Nathan Eovaldi to Re-Sign with Red Sox on 4-Year, $67.5M Deal | Def Pen
Nathan Eovaldi
Nathan Eovaldi (Elsa/Getty Images North America)

Nathan Eovaldi cemented himself among postseason greats in Boston Red Sox history following his stellar playoff run through the World Series victory. The 28-year-old came up clutch in all three rounds for Boston pitching some gems against two of his former teams in the New York Yankees and Los Angeles Dodgers. He started and came in relief situations at times and now he’s being rewarded for his heroics.

Eovaldi reportedly has re-signed with the Red Sox on a four-year deal worth $67.5 million.

Following comes from Ken Rosenthal of The Athletic and Mark Feinsand of

Nathan Eovaldi got his start in the MLB with the Los Angeles Dodgers in 2011 but over the next seven years he bounced around as a piece in trades for bigger names like Hanley Ramirez and Martin Prado. He went from LA to the Miami Marlins to the Yankees, then he signed a contract with the Tampa Bay Rays in 2017 and then was traded to the Red Sox midway through last season as the team was looking to solidify their rotation in hopes of a title.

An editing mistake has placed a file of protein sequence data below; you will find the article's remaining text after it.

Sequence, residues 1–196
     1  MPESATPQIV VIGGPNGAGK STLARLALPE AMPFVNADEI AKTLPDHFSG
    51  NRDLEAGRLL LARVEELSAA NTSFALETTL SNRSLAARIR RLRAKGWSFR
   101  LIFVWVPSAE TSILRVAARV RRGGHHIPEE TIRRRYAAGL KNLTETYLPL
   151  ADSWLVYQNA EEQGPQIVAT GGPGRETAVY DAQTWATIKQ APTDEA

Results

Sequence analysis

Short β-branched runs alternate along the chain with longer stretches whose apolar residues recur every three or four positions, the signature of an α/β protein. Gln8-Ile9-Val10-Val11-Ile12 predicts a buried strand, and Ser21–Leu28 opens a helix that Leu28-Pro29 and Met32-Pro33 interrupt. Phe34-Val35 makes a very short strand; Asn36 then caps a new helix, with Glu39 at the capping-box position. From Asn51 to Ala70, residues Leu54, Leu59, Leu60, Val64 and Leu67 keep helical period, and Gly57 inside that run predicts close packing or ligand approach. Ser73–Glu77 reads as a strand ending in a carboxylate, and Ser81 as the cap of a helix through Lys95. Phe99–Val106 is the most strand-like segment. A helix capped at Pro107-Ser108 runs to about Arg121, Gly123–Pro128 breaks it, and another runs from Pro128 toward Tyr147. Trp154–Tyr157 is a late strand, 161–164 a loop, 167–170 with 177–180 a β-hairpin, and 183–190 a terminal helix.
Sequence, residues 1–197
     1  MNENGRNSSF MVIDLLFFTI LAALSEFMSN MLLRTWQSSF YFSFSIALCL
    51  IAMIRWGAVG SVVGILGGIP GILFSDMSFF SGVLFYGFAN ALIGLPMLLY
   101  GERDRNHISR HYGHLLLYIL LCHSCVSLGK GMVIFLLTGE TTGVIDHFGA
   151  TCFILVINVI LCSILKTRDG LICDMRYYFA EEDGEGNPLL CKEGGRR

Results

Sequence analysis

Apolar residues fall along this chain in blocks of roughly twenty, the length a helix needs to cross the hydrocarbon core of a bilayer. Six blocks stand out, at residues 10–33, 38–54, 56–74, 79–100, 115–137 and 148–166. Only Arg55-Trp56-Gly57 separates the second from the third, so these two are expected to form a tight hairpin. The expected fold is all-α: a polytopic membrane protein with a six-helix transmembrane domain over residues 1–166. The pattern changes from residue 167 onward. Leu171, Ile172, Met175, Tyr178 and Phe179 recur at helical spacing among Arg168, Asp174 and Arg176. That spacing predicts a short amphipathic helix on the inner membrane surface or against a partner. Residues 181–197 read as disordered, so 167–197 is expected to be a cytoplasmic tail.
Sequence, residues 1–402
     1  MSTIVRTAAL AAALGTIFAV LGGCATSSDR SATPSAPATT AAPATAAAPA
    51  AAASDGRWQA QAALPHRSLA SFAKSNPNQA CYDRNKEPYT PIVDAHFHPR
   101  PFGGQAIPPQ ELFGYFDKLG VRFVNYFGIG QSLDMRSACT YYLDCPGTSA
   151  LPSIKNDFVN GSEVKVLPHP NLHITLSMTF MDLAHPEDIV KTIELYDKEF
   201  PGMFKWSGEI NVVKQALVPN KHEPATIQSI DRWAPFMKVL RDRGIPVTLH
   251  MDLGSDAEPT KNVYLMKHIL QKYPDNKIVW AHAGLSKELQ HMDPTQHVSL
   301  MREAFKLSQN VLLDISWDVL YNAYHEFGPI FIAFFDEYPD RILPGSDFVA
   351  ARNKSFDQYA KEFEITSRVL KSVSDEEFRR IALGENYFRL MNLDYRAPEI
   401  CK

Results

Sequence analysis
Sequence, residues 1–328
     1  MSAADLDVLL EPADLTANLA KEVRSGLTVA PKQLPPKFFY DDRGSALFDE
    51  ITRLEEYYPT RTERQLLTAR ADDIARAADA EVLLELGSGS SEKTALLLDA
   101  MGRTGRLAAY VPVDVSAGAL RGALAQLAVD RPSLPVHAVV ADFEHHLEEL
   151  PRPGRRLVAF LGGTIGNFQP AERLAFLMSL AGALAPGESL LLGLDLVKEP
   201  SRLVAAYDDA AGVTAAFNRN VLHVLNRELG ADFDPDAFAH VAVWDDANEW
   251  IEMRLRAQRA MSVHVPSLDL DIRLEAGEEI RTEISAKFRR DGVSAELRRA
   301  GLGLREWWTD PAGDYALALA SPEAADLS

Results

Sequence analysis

He was having a great 2018 but he solidified his worth in the postseason. Following the trade, he went 2-0 against the Yankees with a 0.39 ERA in four starts against New York including his win in Game 3 of the ALDS. He went on to the ALCS where he won Game 3 against the defending champion Houston Astros delivering a very good six-inning start and then he came in relief for Game 5 with four huge outs out in the series-clinching Game 5. But Eovaldi wasn’t done there, he came up big in the World Series against the Dodgers.

Eovaldi delivered back-to-back perfect eighth innings in both Game 1 and 2 at Fenway Park to help Boston take a 2-0 lead before heading to Los Angeles. Eovaldi was slated to start Game 4 against the Dodgers but plans changed in a blink. During the Game 3 18-inning classic at Dodger Stadium, he came out of the bullpen for a solid six innings but gave up the walk-off homer to Max Muncy that ended the contest. Despite his late-game blunder, Red Sox fans still marveled at the display from Eovaldi during the postseason.

Either way you slice it, the Red Sox signed a pitcher, who would be the one or two in many rotations, to be their fourth or fifth starter and he’s still in his prime under a pretty decent contract. Eovaldi gets paid and the Red Sox secure their pitching depth. It’s a win for both sides.


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